Reporting personal use of employer-provided vehicles
Posted On: 1-25-2017 | Posted By: Debra Harrington, CPA
Does your organization provide vehicles for employees to use for business? Does the employee also drive the vehicle for personal use? If so, you’ve got an additional administrative issue to contend with each new year: generally, the value of an employer-provided vehicle is a fringe benefit which might need to be included as employee compensation on a Form W-2.
What personal use is, and what it’s not
“Personal use” of an employer-provided vehicle could include commuting between a personal residence and work location, vacation or weekend use, or use by someone who is not an employee.
There are some situations in which use of the vehicles does not need to be reported as a fringe benefit.
- The vehicle is used 100% for business purposes.
- The personal use too small to account for (de minimis use).
- The employer has a written policy against personal use of the vehicle.
It is very important that employees keep track of their business versus personal use of company vehicles. Important information for the employee to record includes:
- the date of each use;
- mileage per trip;
- business purpose of each trip;
- a description of the destination or benefit derived; and
- total mileage for the year.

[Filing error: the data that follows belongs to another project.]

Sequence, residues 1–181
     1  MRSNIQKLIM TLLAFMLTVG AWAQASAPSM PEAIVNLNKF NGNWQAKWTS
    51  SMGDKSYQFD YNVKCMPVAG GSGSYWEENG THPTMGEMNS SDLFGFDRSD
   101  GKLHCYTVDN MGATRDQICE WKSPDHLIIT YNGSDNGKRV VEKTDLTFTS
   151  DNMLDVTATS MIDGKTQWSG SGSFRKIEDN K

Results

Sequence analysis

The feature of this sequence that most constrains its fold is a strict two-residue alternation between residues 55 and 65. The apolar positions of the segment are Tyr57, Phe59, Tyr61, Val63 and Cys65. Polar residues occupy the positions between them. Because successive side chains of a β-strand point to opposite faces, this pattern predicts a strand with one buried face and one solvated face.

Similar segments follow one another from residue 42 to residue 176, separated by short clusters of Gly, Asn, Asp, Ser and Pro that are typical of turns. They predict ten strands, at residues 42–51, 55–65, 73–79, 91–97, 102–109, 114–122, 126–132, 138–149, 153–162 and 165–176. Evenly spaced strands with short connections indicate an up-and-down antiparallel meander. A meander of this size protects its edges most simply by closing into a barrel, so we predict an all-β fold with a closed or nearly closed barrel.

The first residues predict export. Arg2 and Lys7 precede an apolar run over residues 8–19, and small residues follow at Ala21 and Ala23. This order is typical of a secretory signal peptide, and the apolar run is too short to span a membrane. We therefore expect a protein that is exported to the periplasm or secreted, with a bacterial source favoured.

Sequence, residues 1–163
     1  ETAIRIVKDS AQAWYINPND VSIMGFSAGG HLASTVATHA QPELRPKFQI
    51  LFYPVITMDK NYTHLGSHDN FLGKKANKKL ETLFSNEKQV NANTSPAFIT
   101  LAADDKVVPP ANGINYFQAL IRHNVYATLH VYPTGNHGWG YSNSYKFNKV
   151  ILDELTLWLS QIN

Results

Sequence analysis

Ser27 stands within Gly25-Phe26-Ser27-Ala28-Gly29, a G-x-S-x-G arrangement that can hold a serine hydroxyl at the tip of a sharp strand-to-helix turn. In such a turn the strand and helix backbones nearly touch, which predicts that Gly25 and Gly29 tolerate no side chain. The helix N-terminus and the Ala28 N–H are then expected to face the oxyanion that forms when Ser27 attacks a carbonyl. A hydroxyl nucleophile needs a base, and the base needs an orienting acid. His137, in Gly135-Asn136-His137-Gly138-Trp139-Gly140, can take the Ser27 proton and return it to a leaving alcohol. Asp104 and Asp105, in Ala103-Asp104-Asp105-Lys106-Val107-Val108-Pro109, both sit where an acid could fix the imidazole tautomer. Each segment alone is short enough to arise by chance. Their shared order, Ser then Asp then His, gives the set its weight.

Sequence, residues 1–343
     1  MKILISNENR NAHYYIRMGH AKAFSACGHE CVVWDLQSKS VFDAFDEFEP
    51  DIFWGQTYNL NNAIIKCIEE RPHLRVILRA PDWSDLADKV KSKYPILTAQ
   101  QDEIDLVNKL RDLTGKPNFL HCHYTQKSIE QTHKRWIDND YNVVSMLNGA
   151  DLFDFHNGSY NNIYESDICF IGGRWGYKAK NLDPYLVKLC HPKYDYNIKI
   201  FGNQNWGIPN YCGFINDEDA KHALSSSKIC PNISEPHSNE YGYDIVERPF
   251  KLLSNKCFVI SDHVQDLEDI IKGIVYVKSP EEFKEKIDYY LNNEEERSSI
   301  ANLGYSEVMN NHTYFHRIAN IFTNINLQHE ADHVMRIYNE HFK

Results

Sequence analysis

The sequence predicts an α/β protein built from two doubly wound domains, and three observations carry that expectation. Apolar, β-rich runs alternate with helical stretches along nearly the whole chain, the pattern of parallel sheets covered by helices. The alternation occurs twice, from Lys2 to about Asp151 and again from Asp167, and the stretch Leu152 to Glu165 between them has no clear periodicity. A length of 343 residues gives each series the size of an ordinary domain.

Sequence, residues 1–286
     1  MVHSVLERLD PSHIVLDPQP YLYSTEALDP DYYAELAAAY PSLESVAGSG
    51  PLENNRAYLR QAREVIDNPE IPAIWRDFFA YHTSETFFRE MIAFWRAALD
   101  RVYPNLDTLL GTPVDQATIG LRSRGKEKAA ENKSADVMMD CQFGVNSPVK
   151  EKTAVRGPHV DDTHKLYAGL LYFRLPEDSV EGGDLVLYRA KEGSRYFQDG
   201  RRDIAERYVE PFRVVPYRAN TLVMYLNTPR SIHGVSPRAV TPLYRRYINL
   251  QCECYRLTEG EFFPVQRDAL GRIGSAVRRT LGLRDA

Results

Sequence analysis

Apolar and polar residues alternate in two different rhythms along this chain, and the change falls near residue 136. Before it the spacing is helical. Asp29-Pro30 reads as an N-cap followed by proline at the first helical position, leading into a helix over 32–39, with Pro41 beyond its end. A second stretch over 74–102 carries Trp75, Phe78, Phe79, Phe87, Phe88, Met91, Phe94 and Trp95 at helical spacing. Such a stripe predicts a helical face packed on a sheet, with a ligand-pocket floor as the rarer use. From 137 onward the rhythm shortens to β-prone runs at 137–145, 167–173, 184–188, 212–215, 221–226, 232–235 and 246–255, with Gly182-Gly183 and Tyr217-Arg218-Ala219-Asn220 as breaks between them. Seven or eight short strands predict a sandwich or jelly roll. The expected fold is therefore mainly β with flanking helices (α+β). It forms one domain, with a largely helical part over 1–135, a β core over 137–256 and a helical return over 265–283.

If substantiation is not fulfilled, the entire value of the vehicle must be included in the employee’s W-2 compensation.
Methods for valuing personal use
There are several methods for valuing personal use of a vehicle, and each method is subject to certain restrictions. Which method an employer utilizes depends on several factors, including the type of vehicle, its specific use, mileage and organizational policies and procedures.
- Automobile lease valuation. There are tables to calculate this based on percentage of personal use and the vehicle’s fair market value.
- Cents-per-mile rule. For 2016, it was 54 cents multiplied by the personal miles driven. The mileage rate for 2017 is 53.5 cents per mile.
- Commuting valuation method. $1.50 for each one-way trip between home and work.
However you choose to value the personal use, the amount is subject to employment taxes and must be reported on the employee’s Form W-2. The IRS provides more information on treatment of employee fringe benefits in Publication 15-B.
If you have additional questions about employer-provided vehicles or need assistance in calculating how or what should be included in employee income, contact your WK advisor at (573) 442-6171 or (573) 635-6196.